Audio Colin Gramp discusses wine industry changes, 2005

TLF ID R8951

This is an edited sound recording of an interview with 85-year-old Colin Gramp, former technical director of Orlando, a well-known estate winery in South Australia's Barossa Valley. Gramp describes introducing new winemaking technologies at Orlando in the 1950s, a decision now recognised by the industry as having led to a dramatic change in wine production and consumption patterns throughout Australia. The recording was made in August 2005 and lasts for 2 min 16 s.

Educational details

Educational value
  • The recording features a man regarded as one of the most influential figures in helping winemaking develop into a major Australian industry. Gramp (1921-) explains how he became the first in Australia to introduce cold fermentation of grape juice (mixed with other ingredients) in controlled-temperature pressure tanks. The technique produced better quality wines, especially white wines, than the previous method of open-tank fermentation.
  • Gramp is a member of a winemaking dynasty that spans four generations. His great-grandfather Johann Gramp (1819-1903) is regarded as the first commercial grape grower and winemaker in the Barossa Valley, having begun in 1847. The business was founded by Johann and became known as Orlando, and it involved both Colin Gramp's grandfather Gustav (1850-1927) and his father Hugo (1895-1938).
  • Gramp explains how he was inspired to invest in new technology at the Orlando winery after a wine technician from West Germany visited Australia in 1953. This re-established a link between the family business and Germany that had begun in the 1840s when Gramp's German-born great-grandfather planted a vineyard. Gramp tells how he travelled to West Germany to learn more about winemaking technology.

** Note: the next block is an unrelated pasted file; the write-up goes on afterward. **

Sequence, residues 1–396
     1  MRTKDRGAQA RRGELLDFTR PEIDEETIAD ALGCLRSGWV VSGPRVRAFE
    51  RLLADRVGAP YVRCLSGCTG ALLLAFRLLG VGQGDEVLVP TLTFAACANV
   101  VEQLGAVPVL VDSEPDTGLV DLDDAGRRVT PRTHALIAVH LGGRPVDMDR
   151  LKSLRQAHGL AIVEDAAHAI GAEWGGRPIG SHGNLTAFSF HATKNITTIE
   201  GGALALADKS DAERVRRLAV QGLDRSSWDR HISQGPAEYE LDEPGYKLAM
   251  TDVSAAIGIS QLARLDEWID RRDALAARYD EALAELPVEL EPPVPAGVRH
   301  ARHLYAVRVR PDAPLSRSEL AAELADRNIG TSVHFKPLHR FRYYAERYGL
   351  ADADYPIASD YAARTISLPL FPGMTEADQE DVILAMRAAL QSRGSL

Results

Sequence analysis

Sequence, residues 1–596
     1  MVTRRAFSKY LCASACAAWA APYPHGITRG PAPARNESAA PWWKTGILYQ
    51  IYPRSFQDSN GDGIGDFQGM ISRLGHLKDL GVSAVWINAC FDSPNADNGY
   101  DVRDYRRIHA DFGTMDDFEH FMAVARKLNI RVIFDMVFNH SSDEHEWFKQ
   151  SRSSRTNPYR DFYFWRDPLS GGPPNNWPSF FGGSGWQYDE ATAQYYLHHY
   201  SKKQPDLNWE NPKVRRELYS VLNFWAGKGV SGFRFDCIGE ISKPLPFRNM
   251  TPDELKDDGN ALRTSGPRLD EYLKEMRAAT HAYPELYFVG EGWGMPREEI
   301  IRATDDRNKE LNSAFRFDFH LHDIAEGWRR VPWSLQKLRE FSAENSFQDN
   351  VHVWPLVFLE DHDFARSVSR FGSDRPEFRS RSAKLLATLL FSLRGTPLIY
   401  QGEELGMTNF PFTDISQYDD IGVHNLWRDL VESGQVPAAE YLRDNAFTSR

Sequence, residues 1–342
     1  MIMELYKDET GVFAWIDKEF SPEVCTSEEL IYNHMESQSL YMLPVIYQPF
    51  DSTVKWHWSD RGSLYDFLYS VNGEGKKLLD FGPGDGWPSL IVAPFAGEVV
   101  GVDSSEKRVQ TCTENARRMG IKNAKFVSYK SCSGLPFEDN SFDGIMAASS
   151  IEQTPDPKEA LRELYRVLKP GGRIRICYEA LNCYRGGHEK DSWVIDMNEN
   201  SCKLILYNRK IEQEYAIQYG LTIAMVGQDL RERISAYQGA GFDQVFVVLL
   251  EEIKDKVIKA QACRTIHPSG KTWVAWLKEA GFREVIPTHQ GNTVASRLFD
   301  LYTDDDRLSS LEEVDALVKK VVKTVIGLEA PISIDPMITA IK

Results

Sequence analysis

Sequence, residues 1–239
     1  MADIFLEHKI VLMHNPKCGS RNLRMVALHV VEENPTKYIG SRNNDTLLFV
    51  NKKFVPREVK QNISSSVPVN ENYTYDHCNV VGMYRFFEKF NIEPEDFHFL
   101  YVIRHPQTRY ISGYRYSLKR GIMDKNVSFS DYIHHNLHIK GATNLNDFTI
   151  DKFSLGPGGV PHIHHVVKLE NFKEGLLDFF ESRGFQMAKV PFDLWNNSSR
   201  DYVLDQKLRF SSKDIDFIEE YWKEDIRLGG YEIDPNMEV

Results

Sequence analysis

• In the recording Gramp says it was during a visit to West Germany in 1954 that he learnt about a technological development in winemaking (which allowed sparkling wine to be produced with fruit juice instead of sugar) in the controlled-temperature pressure tanks used at Orlando. At that time the only sparkling wine on the Australian market was relatively expensive French champagne, which did not sell in large quantities.
  • Gramp talks about the success of Barossa Pearl, the sparkling white wine produced at Orlando and launched in Australia in 1956. Previously, Australians had drunk about four times more fortified wines such as sherry than 'table wines' with lower alcohol content. Gramp notes that the popularity of Barossa Pearl helped to reverse the ratio, so that table wines - generally consumed with food - are now far more popular in Australia than fortified wines.
  • In 2003, Gramp was awarded life membership of the Winemakers' Federation of Australia in recognition of his outstanding contribution to the industry. The Federation acknowledged him for two major innovations. The first was Barossa Pearl, which it said had prompted a dramatic shift in the wines Australians drank. The second was the introduction of the technology that transformed the Australian wine industry.

Other details

  • Publisher
  • Date of contribution: 20 Sep 2013
  • Organisation: Education Services Australia
  • Address: Melbourne VIC 3000 Australia
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  • Copyright holder
  • Organisation: Education Services Australia
  • Address: Melbourne VIC 3000 Australia
  • URL:
  • Remarks: Copyright Education Services Australia Ltd
  • Author
  • Date of contribution: 2005
  • Name: Colin Gramp
  • Remarks: speaker
  • Content provider
  • Organisation: Education Services Australia
  • Address: Melbourne VIC 3000 Australia
  • URL:
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  • Sound
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  • © Education Services Australia Ltd, 2013, except where indicated under Acknowledgements.